The 2015 FIFA Women’s World Cup is underway, and this year the event is close to home. Canada is the host country and several games are being played just north of the border in Vancouver, B.C. including the final on July 5. The first two games were on Monday, June 8, and I drove up to watch Cameroon play Ecuador and Switzerland take on Japan.
The pageantry and celebrations within the stadium were just as big as they were for the Men’s World Cup when I went in 2010. Everyone inside the stadium was bursting with excitement to see their national teams play, and they showed it with costumes. There was an Ecuadorian man handing out small flags to everyone he could reach, a Swiss fan who had painted his entire face and body red and white, and a Japanese man who was dressed up as a giant watermelon. Fanatics like these made up for the fact that the stadium was barely over half-full.
Unfortunately, it must be noted that despite the enthusiasm of the fans, the level of play was noticeably lower than what one would see at the highest levels of the men’s game. There are reasons for this – women’s soccer doesn’t get as much funding or attention as men’s around the world, and there are the strength and size disparities between the sexes as well.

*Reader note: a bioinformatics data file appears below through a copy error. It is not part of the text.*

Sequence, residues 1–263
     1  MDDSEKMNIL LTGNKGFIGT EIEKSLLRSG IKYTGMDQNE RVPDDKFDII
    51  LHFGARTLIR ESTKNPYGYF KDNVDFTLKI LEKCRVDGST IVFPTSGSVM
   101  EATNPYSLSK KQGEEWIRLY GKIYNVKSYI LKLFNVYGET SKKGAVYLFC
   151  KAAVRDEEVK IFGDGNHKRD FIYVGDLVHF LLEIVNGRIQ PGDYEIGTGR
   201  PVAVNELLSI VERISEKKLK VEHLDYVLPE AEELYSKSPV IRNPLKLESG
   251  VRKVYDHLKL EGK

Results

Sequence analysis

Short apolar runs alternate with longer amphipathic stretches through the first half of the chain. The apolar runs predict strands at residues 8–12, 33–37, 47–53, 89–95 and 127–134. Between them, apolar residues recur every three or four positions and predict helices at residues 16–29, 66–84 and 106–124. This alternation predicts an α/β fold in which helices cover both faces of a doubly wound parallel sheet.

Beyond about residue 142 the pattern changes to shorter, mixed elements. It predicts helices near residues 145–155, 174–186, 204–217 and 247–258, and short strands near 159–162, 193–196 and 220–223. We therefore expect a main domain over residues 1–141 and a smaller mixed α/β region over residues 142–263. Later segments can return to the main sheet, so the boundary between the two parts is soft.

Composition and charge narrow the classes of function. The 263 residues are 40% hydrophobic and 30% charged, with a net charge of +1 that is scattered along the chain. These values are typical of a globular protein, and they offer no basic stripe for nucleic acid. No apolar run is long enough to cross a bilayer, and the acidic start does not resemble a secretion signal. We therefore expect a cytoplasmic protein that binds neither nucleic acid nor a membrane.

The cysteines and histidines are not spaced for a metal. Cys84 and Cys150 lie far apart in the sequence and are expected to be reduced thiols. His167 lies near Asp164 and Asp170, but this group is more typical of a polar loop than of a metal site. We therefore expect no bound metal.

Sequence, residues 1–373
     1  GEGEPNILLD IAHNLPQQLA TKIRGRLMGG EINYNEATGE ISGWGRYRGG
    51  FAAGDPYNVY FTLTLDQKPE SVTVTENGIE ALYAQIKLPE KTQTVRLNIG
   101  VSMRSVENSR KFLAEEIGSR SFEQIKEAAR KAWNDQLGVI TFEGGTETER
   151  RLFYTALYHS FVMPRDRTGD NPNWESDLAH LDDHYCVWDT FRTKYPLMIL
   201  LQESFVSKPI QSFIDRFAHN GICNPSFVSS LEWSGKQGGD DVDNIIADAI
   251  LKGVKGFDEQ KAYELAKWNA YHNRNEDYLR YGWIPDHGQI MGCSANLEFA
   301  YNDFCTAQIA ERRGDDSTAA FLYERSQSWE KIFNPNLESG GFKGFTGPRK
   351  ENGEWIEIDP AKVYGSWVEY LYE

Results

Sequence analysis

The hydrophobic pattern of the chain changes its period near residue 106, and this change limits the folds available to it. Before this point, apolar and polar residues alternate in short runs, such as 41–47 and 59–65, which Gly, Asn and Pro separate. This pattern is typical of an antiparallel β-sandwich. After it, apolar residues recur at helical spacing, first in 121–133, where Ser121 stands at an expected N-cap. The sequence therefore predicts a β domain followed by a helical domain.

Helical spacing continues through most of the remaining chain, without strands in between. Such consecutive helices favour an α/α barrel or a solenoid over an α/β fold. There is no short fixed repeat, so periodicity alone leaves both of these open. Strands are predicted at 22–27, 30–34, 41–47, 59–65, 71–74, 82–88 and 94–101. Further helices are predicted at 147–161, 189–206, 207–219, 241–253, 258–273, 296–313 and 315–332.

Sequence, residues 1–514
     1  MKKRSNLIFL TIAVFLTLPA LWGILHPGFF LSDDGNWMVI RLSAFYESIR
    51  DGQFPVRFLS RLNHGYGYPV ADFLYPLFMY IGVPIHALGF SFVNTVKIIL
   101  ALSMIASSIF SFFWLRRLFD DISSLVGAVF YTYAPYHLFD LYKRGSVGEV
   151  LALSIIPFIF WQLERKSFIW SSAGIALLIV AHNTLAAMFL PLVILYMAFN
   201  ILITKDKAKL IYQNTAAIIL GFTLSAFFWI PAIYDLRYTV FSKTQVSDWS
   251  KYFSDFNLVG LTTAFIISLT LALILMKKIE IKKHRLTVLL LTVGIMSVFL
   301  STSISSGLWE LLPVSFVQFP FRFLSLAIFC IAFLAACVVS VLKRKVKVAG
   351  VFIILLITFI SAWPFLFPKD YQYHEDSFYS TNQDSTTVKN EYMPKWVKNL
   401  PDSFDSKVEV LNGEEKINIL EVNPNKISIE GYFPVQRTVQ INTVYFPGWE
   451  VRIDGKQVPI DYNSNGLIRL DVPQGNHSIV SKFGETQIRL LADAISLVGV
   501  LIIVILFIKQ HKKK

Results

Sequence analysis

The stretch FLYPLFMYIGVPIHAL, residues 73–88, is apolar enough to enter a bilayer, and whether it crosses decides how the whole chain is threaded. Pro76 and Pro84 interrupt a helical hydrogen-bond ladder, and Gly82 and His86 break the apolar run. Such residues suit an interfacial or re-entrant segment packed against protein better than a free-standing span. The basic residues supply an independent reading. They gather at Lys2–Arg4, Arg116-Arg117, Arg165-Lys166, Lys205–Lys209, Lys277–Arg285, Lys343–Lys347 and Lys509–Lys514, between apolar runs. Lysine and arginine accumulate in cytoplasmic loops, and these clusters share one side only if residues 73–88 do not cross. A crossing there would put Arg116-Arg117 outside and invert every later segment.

Even so, the crowd roared like a jet engine for every goal, and the celebrations of the players were a joy to watch. The Cameroonians in particular did fun dances for each of the six goals they put past Ecuador.
However, just because it was enjoyable doesn’t necessarily mean that it was worth it. There are definite costs to attending these matches. The first is the high price of tickets. Group stage tickets cost anywhere from 15 to 65 Canadian dollars ($12.18 – $52.76), and the prices only increase once the knockout stage rolls in. Tickets for the final cost at least 60 Canadian dollars.
The drive is another negative. I had to wait for over an hour at the less busy of the two I-5 border crossings, and this is on top of a three-hour drive. Parking near the stadium isn’t easy either, and the price of food and drink within the stadium is unpleasantly high.
Despite all these negatives, I had a wonderful time, and I am going back again for the second-round match on June 23. The Women’s World Cup is a must-go event for big sports fans but it is not worth the price and drive time for those who are more ambivalent. Vancouver will host more games on June 21, June 23, June 27 and July 5.